For some reason, people sometimes mistake me for a terrorist. Once I got interrogated by an air marshal for merely looking out a window, and the following year in London I totally freaked out several people on a bus.
The second incident was, I suppose, partially my fault. I boarded a city bus with a large suitcase, which I put on the luggage rack. Since the rack was right next to the door, I moved a little away from it so I wouldn’t be in the way.
For a couple of minutes I stood there, keeping an eye on my bag and not listening to the buzz of voices around me. One conversation, however, began to get my attention.
“I just don’t think it looks right,” a worried woman’s voice said.
“Well, then mention it to the driver,” a man said.
“I don’t want to make a fuss,” the woman replied.
“Look, you’re worried about it just sitting there. You don’t see the owner. So go up to the driver and mention it,” the man said. He didn’t sound worried himself. Instead he sounded a bit condescending.
I turned to them.”Are you talking about my bag?” I asked.
A wave of relief washed over the woman’s face.
“Yes!” she cried. “I didn’t see you put it down and nobody was standing around it, and I got very worried.”
“Don’t worry, no bomb in it, just a bunch of dirty clothes,” I said. Then I turned to the man next to her. “But you didn’t seem worried.”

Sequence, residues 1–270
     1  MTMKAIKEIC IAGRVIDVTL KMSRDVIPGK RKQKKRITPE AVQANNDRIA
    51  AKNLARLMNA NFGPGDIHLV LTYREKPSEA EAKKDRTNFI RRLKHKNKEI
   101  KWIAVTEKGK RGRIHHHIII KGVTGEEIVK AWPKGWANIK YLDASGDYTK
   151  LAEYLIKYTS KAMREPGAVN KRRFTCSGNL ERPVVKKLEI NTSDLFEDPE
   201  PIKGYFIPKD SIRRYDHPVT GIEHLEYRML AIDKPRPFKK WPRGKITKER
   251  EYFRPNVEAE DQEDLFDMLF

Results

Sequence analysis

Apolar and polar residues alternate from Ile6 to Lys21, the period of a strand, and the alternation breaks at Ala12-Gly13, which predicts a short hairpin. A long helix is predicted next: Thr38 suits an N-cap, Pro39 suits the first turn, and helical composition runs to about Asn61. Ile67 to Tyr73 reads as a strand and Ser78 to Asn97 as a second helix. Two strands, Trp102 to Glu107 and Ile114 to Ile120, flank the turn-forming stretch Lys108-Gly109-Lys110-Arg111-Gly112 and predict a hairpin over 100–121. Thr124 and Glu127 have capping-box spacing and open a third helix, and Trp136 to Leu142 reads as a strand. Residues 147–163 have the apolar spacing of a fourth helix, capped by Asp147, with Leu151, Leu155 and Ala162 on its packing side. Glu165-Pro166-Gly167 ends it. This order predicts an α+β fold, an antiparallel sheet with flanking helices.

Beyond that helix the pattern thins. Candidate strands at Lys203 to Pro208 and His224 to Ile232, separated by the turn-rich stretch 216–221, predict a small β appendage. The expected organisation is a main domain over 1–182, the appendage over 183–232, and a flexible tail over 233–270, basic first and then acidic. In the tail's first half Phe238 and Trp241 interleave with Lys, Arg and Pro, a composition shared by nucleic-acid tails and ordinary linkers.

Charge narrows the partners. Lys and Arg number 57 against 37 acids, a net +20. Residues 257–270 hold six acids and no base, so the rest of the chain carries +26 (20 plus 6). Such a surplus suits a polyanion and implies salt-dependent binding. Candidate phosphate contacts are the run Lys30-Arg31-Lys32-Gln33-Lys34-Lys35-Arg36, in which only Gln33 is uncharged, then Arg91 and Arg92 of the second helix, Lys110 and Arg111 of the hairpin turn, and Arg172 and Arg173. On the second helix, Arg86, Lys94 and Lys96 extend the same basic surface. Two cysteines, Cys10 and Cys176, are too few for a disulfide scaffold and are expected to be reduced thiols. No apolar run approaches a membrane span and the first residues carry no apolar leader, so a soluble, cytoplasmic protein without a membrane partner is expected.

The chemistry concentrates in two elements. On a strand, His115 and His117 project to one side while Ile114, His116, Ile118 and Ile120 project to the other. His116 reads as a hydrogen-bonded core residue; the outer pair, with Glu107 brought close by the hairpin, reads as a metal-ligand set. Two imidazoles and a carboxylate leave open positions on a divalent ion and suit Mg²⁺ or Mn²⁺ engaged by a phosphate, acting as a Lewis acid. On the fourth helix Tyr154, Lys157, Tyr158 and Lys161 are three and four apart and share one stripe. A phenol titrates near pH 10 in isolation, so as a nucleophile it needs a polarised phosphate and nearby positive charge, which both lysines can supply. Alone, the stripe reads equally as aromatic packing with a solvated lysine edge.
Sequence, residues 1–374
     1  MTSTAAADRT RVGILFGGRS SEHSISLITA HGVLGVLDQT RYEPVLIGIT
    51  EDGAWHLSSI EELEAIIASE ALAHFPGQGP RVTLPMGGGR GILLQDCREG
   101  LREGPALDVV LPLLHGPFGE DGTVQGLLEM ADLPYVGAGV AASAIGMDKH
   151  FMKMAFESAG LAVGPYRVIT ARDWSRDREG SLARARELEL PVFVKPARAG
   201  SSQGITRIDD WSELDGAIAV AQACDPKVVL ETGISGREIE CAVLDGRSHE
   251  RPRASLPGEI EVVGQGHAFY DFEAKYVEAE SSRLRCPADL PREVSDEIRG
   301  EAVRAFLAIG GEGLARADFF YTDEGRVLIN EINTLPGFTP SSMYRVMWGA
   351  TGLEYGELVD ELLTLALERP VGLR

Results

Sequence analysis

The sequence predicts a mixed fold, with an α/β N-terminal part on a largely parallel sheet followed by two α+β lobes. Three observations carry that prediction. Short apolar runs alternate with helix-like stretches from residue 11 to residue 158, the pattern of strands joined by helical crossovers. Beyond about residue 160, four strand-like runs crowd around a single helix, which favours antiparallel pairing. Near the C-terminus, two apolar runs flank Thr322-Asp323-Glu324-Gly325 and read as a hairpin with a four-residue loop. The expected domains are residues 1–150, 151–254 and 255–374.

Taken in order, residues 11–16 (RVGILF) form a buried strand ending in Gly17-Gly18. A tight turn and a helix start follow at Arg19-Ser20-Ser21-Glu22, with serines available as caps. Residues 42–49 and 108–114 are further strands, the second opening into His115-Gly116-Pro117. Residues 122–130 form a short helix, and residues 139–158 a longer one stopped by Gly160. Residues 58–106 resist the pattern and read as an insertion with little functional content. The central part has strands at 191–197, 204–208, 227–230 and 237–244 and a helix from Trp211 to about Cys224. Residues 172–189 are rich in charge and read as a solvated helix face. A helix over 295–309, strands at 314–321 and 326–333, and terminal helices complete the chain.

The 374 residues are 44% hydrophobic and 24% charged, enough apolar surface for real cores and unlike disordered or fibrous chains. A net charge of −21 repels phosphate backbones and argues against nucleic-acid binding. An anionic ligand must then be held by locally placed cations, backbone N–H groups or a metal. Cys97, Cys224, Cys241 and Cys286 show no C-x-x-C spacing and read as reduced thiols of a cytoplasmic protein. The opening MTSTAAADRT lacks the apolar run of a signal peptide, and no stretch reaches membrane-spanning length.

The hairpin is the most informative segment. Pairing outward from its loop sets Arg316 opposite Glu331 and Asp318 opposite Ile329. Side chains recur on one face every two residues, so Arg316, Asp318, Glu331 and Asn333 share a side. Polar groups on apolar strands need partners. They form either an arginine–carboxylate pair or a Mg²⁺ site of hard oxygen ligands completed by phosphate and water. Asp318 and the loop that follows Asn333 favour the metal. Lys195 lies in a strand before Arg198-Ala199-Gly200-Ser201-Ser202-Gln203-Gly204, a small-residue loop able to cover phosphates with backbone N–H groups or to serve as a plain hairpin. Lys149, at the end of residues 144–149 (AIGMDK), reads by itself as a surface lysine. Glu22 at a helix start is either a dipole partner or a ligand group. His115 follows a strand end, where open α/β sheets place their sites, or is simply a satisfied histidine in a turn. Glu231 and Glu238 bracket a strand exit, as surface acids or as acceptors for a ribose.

He shrugged. “Nobody would need a bag that big to blow up a bus.”
I laughed. “Well maybe I’m a really inefficient bomber and I don’t know how to mix explosives correctly.”
“Oh no,” he dismissed that idea. “That is a huge bag. If it was filled with explosives you could barely lift it.”
I studied them for a moment and said, “So how do you know I’m really not a terrorist? All you have is my word.”
They looked back at me – middle-aged, middle-class, white me. The woman suddenly looked embarrassed. The man looked defiant.
“You don’t fit the profile,” he said.
“Remember Timothy McVeigh?” I asked.
He waved his hand in a dismissive gesture. “The right wing loons in your country rarely do such things. Most terrorists look nothing like you.”
I smiled at him. “Who’s to say I’m not a right-wing loon?”
“WOULD YOU PLEASE STOP THIS CONVERSATION?!!!” A woman squawked from a few rows back.
“Sorry ma’am. This was all hypothetical,” I said.
She immediately looked relieved, just like the first woman. All it took was a reassuring word from a complete stranger – a light-skinned, well-spoken stranger.
She, too, had missed the point.
[Photo courtesy Wikimedia Commons]